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J Ultrasound Med. 2006 Feb;25(2):197-202.

Trends in fetal echocardiography and implications for clinical practice: 1985 to 2003.

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  • 1Department of Maternal-Fetal Medicine, Yale University School of Medicine, New Haven, CT 06520, USA. ben.hamar@yale.edu

Abstract

OBJECTIVE:

The purpose of this study was to determine whether patterns of referral for fetal echocardiography (FE) and the subsequent yield for structural congenital heart disease (CHD) have changed between 1985 and 2003.

METHODS:

All FE performed between 1985 and 2003 at Yale-New Haven Hospital was reviewed. The primary indication for study and the presence of structural CHD were recorded, and data were analyzed for trends. Linear regression with Pearson coefficient calculation and Mantel-Haenszel chi(2) analysis were performed (P < .05 significant).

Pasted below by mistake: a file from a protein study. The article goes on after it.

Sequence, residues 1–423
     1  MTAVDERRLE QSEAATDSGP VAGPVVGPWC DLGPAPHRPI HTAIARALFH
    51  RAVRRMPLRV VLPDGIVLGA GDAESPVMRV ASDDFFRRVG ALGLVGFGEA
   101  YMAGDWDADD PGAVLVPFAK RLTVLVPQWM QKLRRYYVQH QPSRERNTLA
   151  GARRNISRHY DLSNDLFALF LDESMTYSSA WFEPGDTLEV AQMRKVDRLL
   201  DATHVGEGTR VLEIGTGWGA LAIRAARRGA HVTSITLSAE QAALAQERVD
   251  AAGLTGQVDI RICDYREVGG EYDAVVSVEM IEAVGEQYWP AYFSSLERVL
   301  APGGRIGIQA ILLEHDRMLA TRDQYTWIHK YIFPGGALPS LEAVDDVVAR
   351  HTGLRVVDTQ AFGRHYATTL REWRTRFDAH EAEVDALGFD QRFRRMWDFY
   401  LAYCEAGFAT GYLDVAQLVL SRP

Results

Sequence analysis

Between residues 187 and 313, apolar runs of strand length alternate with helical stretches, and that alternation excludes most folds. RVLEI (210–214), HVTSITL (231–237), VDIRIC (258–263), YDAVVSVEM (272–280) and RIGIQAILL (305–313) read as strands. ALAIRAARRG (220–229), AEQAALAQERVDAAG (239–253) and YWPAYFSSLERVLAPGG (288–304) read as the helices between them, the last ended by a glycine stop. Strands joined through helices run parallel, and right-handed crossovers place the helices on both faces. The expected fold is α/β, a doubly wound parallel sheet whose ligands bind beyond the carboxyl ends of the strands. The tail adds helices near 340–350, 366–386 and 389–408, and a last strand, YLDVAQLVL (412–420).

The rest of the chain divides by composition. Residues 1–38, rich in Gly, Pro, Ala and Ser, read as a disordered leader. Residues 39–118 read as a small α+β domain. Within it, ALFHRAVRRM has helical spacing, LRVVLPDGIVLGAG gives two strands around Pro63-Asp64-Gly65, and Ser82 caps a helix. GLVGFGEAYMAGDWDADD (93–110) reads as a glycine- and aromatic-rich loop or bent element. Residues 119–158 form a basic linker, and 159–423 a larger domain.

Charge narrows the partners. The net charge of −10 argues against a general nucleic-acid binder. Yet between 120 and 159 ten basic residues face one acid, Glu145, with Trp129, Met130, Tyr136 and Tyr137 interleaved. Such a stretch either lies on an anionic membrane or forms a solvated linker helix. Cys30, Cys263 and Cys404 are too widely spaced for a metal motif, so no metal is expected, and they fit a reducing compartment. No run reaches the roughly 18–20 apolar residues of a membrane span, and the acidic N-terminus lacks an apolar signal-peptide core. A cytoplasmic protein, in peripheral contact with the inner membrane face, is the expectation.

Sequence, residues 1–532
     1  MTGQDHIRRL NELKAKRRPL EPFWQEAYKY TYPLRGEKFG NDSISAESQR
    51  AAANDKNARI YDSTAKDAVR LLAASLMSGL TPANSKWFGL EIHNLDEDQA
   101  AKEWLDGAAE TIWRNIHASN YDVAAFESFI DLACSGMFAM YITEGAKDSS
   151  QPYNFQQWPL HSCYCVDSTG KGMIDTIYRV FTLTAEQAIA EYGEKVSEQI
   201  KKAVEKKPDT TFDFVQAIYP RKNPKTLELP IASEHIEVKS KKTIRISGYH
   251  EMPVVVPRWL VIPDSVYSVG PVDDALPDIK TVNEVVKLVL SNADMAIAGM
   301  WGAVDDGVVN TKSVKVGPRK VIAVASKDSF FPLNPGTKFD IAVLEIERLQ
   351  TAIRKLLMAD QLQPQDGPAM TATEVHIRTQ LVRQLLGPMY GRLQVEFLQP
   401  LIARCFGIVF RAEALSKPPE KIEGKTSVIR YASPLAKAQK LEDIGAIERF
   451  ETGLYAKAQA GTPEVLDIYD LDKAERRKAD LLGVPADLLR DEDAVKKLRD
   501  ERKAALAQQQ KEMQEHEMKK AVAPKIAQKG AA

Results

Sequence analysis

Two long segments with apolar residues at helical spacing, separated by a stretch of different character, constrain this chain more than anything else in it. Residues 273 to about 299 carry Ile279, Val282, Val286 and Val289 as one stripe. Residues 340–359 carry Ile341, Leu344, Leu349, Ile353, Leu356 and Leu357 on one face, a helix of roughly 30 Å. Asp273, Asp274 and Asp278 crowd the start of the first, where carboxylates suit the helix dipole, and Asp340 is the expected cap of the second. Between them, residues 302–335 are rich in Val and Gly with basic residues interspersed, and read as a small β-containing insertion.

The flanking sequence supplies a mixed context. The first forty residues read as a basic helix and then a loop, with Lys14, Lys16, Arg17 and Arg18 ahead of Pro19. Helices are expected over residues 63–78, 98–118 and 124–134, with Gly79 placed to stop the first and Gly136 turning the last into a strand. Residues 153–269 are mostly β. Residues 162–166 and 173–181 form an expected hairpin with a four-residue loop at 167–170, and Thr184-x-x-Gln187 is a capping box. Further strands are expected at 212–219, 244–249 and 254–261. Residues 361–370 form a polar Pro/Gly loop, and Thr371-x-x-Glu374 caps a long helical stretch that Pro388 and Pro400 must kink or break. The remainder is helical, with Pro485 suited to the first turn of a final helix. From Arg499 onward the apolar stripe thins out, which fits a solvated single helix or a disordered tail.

RESULTS:

Between 1985 and 2003, 10,806 patients had FE at Yale-New Haven Hospital, and 774 cases of structural CHD were detected. The annual number of studies and rate of detected structural CHD remained constant through the study period. There was a significant increase in the proportion of studies for diabetes, maternal structural CHD, suspicious 4-chamber heart, and family history of cardiac disease. There was a significant decrease in the proportion of studies for a previous child with structural CHD, cardiac teratogen exposure, other fetal anomalies, aneuploidy, fetal arrhythmia, and nonimmune hydrops. The percentage of structural CHD detected by indication remained constant through the study period. Subgroup analysis of diabetes revealed an increase in class B diabetes, while classes C and D remained stable.

CONCLUSIONS:

This is one of the largest series of FE and suggests that the pattern of indications has changed since 1985. Specifically, referral for diabetes (mostly class B) has increased without a change in yield of structural CHD by indication for sonography. The changing referral patterns reflect a change in obstetric demographics and has implications for obstetric care.

PMID:
16439782
[PubMed - indexed for MEDLINE]
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